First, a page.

What is a Galileo Thermometer?
A Galileo thermometer is a very simple and surprisingly accurate thermometer named after Galileo Galilei, a noted 16th century scientist. While these thermometers are primarily kept around as novelty items, they can also be utilized as functional measures of the temperature. They also provide teaching opportunities, for those with young children who are just beginning to learn about the sciences.
The design of a Galileo thermometer includes a sealed glass tube, filled with liquid and a series of weights. As the temperature changes, the liquid changes density, causing the weights to rise or fall in the tube. Classically, a cluster of weights which are less dense than the liquid float near the top of the tube, while the denser weights sink to the bottom. The temperature is read by looking for the band between the two sets of weights, and averaging the temperature of the weights on either side of the band. Sometimes, a single weight will be suspended in the middle of the band, and this weight reflects the current temperature.
In the most basic form, the Galileo thermometer simply has weights with attached metal discs indicating the temperature. Many manufacturers, however, attach the weights to glass bubbles which may be brightly colored. The bubbles are calibrated so that they all have the same density, ensuring that they act purely ornamentally, and do not influence the operation of the thermometer. Objects other than glass bubbles can also be used as ornaments in the thermometer.
The very simplistic design takes advantage of the property of buoyancy, and if the weights are calibrated properly, the temperature readings can be extremely accurate. Those who are curious about the accuracy of a Galileo thermometer can compare its performance with another type of thermometer to determine how well the weights were made. The differences between the weights need to be extremely subtle, which can make errors glaringly obvious.
This type of thermometer can be used indoors or outdoors, and may be suspended in a frame or mounted on a block which allows it to sit on a table. Because it reads the ambient temperature which immediately surrounds it, it is important to think about placement. If it is placed in the sun, for example, the fluid will heat up, causing the thermometer to register a very high temperature. Likewise, placing the Galileo thermometer next to a stove or in a very cold area of the house will result in a skewed reading.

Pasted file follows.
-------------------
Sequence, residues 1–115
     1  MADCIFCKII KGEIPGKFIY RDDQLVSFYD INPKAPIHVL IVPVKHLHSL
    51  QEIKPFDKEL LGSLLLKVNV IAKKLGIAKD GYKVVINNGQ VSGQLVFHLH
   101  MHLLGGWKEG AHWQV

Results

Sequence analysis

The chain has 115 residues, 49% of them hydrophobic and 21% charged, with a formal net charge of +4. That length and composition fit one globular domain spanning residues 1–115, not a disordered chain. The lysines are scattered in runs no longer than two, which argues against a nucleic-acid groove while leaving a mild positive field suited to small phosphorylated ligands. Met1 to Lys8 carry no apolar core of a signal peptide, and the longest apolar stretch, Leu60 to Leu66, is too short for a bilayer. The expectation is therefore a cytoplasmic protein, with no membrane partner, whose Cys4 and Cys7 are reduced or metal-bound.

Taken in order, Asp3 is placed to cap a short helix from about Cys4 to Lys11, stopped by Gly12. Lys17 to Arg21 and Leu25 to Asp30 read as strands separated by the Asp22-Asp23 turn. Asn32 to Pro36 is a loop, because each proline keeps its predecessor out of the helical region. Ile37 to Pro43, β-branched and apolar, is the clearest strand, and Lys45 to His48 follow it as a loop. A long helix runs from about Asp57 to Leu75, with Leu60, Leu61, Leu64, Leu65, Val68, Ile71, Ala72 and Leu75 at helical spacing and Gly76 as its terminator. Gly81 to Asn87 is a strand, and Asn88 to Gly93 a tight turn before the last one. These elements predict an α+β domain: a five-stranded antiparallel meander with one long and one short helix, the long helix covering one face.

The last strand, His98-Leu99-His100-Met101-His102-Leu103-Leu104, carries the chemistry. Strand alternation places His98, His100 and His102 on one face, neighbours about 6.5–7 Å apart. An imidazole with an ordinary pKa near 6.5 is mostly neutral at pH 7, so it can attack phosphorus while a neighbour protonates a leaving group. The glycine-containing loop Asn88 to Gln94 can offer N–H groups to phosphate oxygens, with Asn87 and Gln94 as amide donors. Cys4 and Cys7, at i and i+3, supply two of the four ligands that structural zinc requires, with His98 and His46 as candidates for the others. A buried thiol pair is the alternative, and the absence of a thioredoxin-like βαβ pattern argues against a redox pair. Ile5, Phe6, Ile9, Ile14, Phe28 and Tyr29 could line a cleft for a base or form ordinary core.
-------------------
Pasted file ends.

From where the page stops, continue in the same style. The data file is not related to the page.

I was looking for a unique gift for my Dad and bought him a Galileo thermometer and barometer for his desk.
He has really enjoyed this gift and says it is a great conversation starter at work. The thermometer has the colorful liquid spheres that go up or down depending on the changes in the atmosphere.
Sitting next to that is a glass globe barometer that looks really sharp. He said he was surprised at how accurate the thermometer is.
The temperature does not change much in his office, but he can tell if a big change is coming by the changes in both the thermometer and barometer.
@golf07 - I have an outdoor Galileo thermometer, and it is not very accurate when it comes to the temperature.
I live in Florida, and have this in the shade, so the sun is not directly shining on it. Even then, the temperature always seem to show warmer than it really is.
One thing I can say about though, is that it seems to be consistent. It is usually consistently about 5-8 degrees warmer than the actual temperature.
Since I know that, I just take it in to consideration when I look at it. I love the design of this thermometer, so still enjoy it and would buy another one if this one broke.
The Galileo outdoor thermometers are more expensive than the indoor ones, but I am more interested in the outdoor temperature than I am inside the house.
I have always been fascinated with the look of these Galileo glass thermometers, but wonder if they are very accurate?
I know I can look at my phone or computer any time to know what the outside temperature is, but thought it would be neat to have one of these outdoor thermometers outside my kitchen window.
Since I love things that not only look nice, but are also functional, I was wondering if I would be disappointed in how well it measured what the temperature was.
My roommate in college had a Galileo thermometer that her parents gave her as a gift. She was studying physics and chemistry and really was interested in Galileo Galilei, both his thermometer and other inventions and discoveries he made. I think something like this would be a great gift if you know someone who is likewise interested in science, or history, or both.
Please post such articles with an illustration or photograph.
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